It was quite late through my studies at York that I sort of looked at policing – I’ve had family members that were involved in policing and I don’t know why, but almost by default I was looking elsewhere, but I never was able to really settle on something. I knew I wanted a career, I knew I wanted something which would be challenging, different, whether it be some variation, and also where I’d be able to really make a difference. Having looked at lots of different career options, the police was the only thing that I found that would offer me that. So after I graduated, I joined as a police community support officer, and that was at a time where there was a freeze in the south with austerity and there was a freeze in recruitment nationally. And that offered me an insight into policing, it was almost dipping my toe in the water to see whether it would suit me and it certainly offered me that. I did that role for around 18 months and after that I joined as a police officer and I worked on a response team. I did that for around three years. So that was responding to 999 calls and dealing with emergency responses. Also crime investigation was a large component. And then I did a period where I worked with our professional standards department as an investigating officer. So that is dealing with misconduct and criminal matters involving police officers. It’s a really important role because ultimately, it’s giving the public the confidence to trust and weeding out people who fall short of the high standards that we expect of police officers and staff. From there, I went back to a uniform role and worked towards promotion. I’ve done a number of roles at Sergeant level, but each of them offers, at the core, there’s a very similar set of skills, but it offers you a great deal of variation. And that’s something that I’d be keen to emphasize to anyone who’s looking at, or considering a role within the police is that it offers you so many different avenues to pursue that, regardless of what your interests are. If you’re a good communicator, if you’re somebody who’s got a good deal of personal resilience and some really strong core values, then it can offer you a fantastic opportunity. I think it’s something I continue to enjoy.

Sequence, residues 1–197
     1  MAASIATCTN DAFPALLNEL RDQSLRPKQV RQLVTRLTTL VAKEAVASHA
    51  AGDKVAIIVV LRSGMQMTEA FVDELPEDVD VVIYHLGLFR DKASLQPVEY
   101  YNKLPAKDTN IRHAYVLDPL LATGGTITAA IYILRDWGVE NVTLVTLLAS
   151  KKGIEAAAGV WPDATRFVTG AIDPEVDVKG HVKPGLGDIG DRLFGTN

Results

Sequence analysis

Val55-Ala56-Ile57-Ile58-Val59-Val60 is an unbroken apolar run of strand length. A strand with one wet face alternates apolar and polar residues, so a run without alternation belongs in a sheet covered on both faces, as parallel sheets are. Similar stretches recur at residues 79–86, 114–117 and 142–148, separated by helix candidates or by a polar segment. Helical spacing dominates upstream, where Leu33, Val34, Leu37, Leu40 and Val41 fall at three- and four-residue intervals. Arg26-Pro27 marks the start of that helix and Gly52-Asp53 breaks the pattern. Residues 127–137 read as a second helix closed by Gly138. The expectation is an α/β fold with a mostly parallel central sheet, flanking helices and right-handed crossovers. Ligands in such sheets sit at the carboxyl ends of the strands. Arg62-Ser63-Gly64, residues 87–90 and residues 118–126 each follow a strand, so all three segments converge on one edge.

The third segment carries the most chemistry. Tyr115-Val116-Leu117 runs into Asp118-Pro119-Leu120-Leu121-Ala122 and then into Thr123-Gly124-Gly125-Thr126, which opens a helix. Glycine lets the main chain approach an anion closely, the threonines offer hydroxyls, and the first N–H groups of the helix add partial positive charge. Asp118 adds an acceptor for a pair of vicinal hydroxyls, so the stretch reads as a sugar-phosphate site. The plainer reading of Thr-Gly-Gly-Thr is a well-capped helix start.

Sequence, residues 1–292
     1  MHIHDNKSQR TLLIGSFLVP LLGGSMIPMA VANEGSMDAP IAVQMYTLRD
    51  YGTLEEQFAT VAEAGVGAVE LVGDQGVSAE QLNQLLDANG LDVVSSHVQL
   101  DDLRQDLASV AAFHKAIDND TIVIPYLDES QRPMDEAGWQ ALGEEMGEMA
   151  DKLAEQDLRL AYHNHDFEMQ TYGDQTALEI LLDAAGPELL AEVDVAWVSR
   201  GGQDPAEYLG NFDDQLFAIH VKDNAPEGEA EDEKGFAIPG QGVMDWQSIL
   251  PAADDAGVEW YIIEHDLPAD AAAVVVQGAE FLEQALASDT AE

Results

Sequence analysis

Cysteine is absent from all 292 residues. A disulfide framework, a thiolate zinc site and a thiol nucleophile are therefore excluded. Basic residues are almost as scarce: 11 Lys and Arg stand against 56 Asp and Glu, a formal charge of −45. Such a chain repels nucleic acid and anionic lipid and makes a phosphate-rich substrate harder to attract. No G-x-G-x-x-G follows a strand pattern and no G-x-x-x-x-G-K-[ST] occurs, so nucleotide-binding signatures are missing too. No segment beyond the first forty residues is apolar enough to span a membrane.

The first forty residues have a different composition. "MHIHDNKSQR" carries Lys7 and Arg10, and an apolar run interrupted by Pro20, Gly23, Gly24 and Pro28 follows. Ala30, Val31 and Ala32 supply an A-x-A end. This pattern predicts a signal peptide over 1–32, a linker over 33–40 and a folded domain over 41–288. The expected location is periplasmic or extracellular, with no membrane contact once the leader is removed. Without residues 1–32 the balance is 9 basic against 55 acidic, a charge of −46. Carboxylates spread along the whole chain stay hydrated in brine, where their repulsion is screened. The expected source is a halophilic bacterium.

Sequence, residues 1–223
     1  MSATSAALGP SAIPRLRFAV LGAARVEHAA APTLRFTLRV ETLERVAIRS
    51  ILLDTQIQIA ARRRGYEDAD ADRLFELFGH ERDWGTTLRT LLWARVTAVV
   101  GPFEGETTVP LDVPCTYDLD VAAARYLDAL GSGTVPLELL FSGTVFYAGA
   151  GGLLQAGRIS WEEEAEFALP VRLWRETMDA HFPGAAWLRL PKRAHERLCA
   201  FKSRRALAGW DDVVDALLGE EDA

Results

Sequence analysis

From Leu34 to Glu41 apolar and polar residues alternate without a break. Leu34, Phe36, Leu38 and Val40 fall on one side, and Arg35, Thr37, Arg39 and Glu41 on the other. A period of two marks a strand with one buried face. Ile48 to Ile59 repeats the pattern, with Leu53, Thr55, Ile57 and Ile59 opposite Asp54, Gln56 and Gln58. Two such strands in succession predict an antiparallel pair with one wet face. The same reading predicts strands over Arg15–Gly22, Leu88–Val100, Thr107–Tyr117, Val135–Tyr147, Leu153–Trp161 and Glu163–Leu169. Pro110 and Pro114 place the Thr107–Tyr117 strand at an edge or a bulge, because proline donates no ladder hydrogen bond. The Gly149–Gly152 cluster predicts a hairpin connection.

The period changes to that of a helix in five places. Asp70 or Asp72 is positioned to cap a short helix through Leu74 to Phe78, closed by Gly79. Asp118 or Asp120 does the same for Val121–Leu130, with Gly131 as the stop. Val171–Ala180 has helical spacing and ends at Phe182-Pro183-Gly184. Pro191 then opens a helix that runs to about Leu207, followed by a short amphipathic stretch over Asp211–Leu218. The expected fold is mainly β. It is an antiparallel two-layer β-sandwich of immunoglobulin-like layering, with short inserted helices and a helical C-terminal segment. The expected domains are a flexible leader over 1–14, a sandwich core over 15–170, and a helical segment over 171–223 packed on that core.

So your degree was in Archaeology, how has this impacted on your career?


I would say that more so it’s the transferable skills that I got, I mean a lot of the work I did, my degree was small group work, seminars, and that’s translated really well into a lot of the presentations, and the meetings and chairing the meetings, and sort of that engagement side of things, that’s put me in really good stead. Occasionally, something archaeology related comes up and I’m sort of able to lean on my experience of my studies, but more so it’s the transferable side. I’ve recently had the opportunity to be involved in some research, which was looking at the organizational culture within the police and I did that with the Open University, and those learning skills, the skills that you get in terms of reading a piece of an academic journal and being able to translate it, and the research side of things certainly help with that as well. And it’s nice to be able to have the flexibility to draw on those skills and those past experiences.


Have you met people who’ve come through the Police Now graduate scheme, because that’s a different way to you, you’ve really built your career from scratch. So have you met people who have come in from a different route?